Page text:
China has unveiled a trial scheme allowing listed and unlisted companies to issue preferred shares in a bid to diversify their fundraising channels without diluting existing shareholders’ interests.
The move could help speed up the reform of state-owned enterprises (SOEs), analysts said.
Chinese banks, power generators and distributors, and transport operators will be given priority in joining the pilot scheme, China Securities Journal reported on Dec. 2.
The announcement came after months of market speculation that the government would open new financing channels for companies experiencing tight cashflow conditions amid a slowdown in the country’s economic growth.
Preferred shares have preference over common stocks when it comes to dividend payments and asset liquidation, but they ordinarily do not trade, have no voting rights and do not dilute net profits attributable to other shareholders. As such, they have limited impact on the interests of other investors.
The trial scheme could force SOEs to boost their dividend payments to preferred shareholders, thus enabling them to operate in a more market-oriented fashion, and diversify their shareholding structure to improve their corporate governance, analysts said.
With China adopting a market-driven economic model, SOEs will play an increasingly important role in the government’s reform agenda. The government is seeking new funding from the market to support SOE growth and consolidation. And the issuance of preferred shares is one way of attracting private investors without affecting the government’s control over the SOEs. Assurances of stable dividend payouts can lure long-term investors.
The announcement of the trial scheme came as the securities regulator also unveiled a plan to resume initial public offerings, which have been suspended since early last year as share prices of many newly listed companies fell below their offer prices as a result of their poor financial performance.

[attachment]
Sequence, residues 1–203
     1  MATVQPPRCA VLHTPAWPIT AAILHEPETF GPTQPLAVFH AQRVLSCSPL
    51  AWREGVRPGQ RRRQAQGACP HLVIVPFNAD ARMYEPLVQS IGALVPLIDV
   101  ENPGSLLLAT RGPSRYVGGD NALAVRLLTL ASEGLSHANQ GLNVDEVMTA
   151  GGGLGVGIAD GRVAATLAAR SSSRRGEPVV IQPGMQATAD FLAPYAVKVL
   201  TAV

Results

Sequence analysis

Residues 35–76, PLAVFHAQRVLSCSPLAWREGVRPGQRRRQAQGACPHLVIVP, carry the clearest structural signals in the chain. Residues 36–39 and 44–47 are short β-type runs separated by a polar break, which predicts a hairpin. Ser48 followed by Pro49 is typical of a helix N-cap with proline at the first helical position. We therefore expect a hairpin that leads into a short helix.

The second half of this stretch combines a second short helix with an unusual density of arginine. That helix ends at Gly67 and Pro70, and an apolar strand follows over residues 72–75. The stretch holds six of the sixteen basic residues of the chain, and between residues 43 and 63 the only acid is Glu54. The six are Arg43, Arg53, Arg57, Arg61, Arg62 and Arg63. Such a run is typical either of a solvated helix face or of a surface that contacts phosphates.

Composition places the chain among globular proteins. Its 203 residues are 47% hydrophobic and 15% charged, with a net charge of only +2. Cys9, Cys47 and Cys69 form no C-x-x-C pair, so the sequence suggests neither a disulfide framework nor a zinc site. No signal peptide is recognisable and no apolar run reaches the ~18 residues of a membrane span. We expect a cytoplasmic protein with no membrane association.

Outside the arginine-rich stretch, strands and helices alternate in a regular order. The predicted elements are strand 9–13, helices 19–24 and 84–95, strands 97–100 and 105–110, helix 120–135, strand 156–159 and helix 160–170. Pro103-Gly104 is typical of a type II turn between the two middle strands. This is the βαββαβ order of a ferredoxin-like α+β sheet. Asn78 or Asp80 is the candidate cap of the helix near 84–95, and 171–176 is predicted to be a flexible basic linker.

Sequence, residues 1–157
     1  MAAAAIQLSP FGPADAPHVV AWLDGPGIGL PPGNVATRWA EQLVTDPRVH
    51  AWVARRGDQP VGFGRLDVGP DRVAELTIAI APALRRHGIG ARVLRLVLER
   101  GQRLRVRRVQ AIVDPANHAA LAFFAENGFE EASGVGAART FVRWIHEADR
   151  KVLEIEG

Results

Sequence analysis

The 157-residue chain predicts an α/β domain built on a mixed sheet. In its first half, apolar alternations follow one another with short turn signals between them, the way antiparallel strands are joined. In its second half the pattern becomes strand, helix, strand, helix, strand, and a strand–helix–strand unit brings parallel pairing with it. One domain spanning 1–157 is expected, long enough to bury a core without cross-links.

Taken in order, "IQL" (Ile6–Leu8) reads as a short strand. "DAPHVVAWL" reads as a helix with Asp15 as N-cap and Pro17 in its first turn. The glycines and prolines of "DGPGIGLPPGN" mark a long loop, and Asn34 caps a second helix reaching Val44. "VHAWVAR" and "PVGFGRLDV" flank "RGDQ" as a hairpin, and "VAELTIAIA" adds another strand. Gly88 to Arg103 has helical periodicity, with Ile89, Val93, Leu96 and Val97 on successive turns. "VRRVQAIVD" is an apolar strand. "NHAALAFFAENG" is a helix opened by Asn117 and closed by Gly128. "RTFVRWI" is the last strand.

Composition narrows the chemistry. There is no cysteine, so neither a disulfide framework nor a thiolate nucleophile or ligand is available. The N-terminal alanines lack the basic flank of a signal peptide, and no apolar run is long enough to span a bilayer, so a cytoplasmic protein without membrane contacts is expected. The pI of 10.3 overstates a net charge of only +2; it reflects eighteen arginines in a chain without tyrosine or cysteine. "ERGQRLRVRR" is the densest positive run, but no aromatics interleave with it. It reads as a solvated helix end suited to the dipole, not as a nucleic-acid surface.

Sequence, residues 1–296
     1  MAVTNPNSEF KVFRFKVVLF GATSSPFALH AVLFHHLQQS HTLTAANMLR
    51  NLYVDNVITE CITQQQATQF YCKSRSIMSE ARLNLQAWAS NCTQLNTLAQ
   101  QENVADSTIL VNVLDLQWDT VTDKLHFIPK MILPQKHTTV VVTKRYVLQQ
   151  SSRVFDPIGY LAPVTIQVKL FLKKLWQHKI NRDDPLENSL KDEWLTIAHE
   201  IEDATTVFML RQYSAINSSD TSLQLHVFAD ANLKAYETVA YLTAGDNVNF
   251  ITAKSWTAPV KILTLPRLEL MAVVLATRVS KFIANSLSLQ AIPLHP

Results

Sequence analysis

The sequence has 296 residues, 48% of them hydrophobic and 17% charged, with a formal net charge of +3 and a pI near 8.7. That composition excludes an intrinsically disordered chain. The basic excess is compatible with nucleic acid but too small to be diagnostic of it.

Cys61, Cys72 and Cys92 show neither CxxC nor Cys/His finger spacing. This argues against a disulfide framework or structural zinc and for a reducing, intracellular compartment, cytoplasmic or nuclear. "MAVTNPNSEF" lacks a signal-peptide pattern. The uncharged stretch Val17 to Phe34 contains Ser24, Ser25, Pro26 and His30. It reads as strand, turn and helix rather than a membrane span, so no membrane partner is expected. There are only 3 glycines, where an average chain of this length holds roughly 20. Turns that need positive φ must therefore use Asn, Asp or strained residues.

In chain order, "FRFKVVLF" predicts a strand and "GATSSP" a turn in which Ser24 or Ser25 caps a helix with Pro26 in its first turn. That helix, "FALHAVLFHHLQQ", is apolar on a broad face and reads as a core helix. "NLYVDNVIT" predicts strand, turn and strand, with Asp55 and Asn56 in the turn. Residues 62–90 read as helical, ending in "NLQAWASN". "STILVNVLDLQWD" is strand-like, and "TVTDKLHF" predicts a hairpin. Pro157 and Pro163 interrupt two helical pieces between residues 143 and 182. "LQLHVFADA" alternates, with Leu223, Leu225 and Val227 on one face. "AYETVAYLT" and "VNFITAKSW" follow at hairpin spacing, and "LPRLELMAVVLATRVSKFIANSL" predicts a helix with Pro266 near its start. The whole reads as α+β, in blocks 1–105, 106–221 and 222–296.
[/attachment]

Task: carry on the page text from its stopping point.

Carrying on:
Many companies were left in dire need of financing to support their business activities whether for survival or expansion. The IPO resumption is aimed at answering this need, and so is the trial scheme for the issuance of preferred shares.
Preferred stock issuance, in particular, will strike a balance between the interests of corporations and their shareholders interest. It allows companies to raise funds without affecting their share price and profit attributable to ordinary shareholders.
According to the guidelines released by the State Council, the country’s cabinet, the preferred stock program will offer issuers a flexible direct financing tool, optimize their financial structure and help push forward merger and acquisition activities in industries.
For investors, the trial scheme will help diversify their investment channels by broadening the variety of securities in the market.
Under the guidelines, preferred stocks issued by a company cannot exceed 50 percent of the total common shares, and fundraising is not allowed to surpass 50 percent of the company’ net assets before public listing.
Public offerings of preferred shares will be subject to a number of rules such as a fixed dividend rate. While the rules provide for the distribution of after-tax profit to preferred shareholders, preferred shareholders are not entitled to the dividends received by ordinary shareholders.
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